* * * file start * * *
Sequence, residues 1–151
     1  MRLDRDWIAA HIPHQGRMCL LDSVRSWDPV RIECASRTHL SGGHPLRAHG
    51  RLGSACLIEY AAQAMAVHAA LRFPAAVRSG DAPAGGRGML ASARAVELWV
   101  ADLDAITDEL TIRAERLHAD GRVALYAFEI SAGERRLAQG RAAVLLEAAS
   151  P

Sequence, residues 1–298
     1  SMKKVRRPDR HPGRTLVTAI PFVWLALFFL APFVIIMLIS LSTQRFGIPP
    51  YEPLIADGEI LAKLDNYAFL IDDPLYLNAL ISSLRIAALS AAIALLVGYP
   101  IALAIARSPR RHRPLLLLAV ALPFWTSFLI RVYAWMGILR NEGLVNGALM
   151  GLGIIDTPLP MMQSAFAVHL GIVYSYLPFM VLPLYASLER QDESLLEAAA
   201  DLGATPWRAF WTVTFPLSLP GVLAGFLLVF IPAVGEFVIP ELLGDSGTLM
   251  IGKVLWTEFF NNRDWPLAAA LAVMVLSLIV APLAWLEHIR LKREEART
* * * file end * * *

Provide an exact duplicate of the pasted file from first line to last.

Sequence, residues 1–151
     1  MRLDRDWIAA HIPHQGRMCL LDSVRSWDPV RIECASRTHL SGGHPLRAHG
    51  RLGSACLIEY AAQAMAVHAA LRFPAAVRSG DAPAGGRGML ASARAVELWV
   101  ADLDAITDEL TIRAERLHAD GRVALYAFEI SAGERRLAQG RAAVLLEAAS
   151  P

Sequence, residues 1–298
     1  SMKKVRRPDR HPGRTLVTAI PFVWLALFFL APFVIIMLIS LSTQRFGIPP
    51  YEPLIADGEI LAKLDNYAFL IDDPLYLNAL ISSLRIAALS AAIALLVGYP
   101  IALAIARSPR RHRPLLLLAV ALPFWTSFLI RVYAWMGILR NEGLVNGALM
   151  GLGIIDTPLP MMQSAFAVHL GIVYSYLPFM VLPLYASLER QDESLLEAAA
   201  DLGATPWRAF WTVTFPLSLP GVLAGFLLVF IPAVGEFVIP ELLGDSGTLM
   251  IGKVLWTEFF NNRDWPLAAA LAVMVLSLIV APLAWLEHIR LKREEART